Miss Sloane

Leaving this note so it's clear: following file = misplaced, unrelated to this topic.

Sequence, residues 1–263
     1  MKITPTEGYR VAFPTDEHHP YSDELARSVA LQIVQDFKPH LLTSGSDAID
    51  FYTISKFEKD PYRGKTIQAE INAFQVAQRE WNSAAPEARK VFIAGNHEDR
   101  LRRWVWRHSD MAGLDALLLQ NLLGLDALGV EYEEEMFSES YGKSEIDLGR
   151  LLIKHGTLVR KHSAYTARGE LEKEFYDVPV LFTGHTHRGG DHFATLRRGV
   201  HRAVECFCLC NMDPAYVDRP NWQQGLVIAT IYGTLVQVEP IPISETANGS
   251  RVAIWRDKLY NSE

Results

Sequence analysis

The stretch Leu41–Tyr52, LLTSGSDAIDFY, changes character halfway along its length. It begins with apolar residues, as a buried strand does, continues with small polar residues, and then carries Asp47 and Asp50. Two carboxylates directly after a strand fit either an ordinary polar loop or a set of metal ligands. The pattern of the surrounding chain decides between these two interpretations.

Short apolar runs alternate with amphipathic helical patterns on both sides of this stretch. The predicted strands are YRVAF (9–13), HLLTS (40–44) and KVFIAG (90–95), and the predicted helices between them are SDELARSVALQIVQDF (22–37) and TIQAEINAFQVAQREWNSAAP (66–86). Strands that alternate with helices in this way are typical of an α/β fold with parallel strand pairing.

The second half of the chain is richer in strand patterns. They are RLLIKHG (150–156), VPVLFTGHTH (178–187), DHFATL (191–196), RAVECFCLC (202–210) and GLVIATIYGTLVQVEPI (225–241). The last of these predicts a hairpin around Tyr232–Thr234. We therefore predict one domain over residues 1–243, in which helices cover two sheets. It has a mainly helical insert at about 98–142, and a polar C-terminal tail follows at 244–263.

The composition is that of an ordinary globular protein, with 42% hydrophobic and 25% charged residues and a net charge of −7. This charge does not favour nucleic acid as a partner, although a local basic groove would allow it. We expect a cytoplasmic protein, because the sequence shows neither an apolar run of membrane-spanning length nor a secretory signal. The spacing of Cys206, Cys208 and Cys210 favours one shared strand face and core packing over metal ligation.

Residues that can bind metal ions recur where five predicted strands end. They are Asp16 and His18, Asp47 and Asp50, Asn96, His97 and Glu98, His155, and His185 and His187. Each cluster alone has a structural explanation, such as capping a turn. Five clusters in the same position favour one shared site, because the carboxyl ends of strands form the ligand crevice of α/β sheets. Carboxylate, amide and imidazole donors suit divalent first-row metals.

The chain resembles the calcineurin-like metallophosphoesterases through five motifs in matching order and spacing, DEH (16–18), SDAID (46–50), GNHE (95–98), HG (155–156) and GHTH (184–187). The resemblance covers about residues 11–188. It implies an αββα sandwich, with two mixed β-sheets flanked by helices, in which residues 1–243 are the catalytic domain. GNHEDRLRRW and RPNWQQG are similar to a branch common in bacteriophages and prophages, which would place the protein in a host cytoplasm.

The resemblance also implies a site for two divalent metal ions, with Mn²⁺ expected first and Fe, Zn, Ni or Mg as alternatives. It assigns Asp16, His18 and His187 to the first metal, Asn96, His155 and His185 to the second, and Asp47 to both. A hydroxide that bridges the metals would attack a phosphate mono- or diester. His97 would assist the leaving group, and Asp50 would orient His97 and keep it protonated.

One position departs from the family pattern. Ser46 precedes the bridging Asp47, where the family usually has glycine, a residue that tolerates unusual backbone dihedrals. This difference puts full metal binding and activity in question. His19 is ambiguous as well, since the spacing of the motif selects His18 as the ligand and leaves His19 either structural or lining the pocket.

Directed by John Madden who is best known for 1998’s Shakespeare in Love, Miss Sloane is a riveting political thriller about a high-powered Washington lobbyist who uses her sometimes dirty tactics to help pass a gun control bill. The terrific acting performance from Oscar-nominated actress Jessica Chastain is really what makes the movie shine. Chastain portrays the lead character Elizabeth Sloane whose ruthless reputation makes her a particularly well sought-after lobbyist at one of the nation’s leading lobbying firms, run by Sam Waterston’s character. Complicating the audience’s characterization of her as a spineless and greedy lobbyist, she rejects an offer from the extremely powerful gun lobby to help defeat a bill mandating universal background checks for gun purchases. Instead, she shocks everyone by joining a small lobbying group, led by Mark Strong’s activist character, whose intent is to pass that very law. The filmmaker makes the interesting decision to have the story be played out mostly through flashbacks as Sloane is being investigated at a Senate hearing whose chair is a hostile Senator played by John Lithgow. Reinforcing the notion that politics is a nasty business full of conniving characters, the film follows Chastain’s character as she commits morally questionable and borderline illegal activities for the sole purpose of winning. However, the viewer feels torn because her actions can be justified as being in the pursuit of a just cause. The final plot twist in the end really drives home the film’s central question of whether the end justifies the means. Overall, I found it to be an enjoyable political thriller that feels especially relevant in today’s toxic political environment and transcends the genre by having one of the year’s best performances from Jessica Chastain. 

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